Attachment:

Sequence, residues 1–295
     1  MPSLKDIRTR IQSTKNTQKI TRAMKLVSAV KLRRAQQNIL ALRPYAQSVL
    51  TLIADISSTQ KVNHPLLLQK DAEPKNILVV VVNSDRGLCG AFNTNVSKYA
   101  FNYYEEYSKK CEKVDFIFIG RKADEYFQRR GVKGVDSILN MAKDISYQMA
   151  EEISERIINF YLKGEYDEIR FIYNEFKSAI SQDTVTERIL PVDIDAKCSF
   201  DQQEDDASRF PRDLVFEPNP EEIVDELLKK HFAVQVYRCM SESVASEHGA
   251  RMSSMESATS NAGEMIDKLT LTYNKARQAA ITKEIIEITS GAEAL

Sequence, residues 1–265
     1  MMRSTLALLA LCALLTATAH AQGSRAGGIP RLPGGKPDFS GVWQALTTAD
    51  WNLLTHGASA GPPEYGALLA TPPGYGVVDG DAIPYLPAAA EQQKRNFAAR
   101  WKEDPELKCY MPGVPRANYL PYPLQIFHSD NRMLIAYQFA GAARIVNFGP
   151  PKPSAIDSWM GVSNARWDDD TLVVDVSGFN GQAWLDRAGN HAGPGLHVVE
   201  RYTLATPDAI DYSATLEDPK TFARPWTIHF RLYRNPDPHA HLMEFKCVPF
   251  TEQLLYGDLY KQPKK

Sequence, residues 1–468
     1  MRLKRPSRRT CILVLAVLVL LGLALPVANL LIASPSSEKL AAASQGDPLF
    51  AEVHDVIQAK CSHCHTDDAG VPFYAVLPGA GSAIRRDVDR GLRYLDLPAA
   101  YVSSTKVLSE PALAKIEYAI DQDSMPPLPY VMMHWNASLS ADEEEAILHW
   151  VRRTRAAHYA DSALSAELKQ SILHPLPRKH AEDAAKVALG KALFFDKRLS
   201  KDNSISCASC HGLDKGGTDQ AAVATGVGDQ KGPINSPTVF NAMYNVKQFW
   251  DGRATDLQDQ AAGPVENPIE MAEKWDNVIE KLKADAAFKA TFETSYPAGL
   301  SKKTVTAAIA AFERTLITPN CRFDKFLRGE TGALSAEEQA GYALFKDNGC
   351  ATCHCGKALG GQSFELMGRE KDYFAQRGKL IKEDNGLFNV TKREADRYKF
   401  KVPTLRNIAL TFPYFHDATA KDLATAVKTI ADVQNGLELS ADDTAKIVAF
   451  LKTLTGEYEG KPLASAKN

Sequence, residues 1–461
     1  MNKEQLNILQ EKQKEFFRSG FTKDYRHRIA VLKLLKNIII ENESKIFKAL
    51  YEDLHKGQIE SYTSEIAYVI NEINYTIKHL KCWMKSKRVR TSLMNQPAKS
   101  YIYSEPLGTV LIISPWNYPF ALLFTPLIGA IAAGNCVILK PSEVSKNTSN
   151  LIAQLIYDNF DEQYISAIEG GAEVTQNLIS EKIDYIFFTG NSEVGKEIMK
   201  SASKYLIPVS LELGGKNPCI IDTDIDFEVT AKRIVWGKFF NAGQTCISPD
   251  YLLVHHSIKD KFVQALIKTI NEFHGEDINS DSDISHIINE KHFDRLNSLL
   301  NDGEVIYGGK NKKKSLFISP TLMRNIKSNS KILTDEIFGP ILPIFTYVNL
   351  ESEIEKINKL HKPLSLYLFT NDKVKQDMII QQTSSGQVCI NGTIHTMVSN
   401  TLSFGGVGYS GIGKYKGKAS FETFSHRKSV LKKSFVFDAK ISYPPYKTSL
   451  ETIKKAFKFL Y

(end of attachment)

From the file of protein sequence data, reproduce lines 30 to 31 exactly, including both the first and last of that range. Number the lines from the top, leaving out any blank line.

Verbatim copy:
   151  LIAQLIYDNF DEQYISAIEG GAEVTQNLIS EKIDYIFFTG NSEVGKEIMK
   201  SASKYLIPVS LELGGKNPCI IDTDIDFEVT AKRIVWGKFF NAGQTCISPD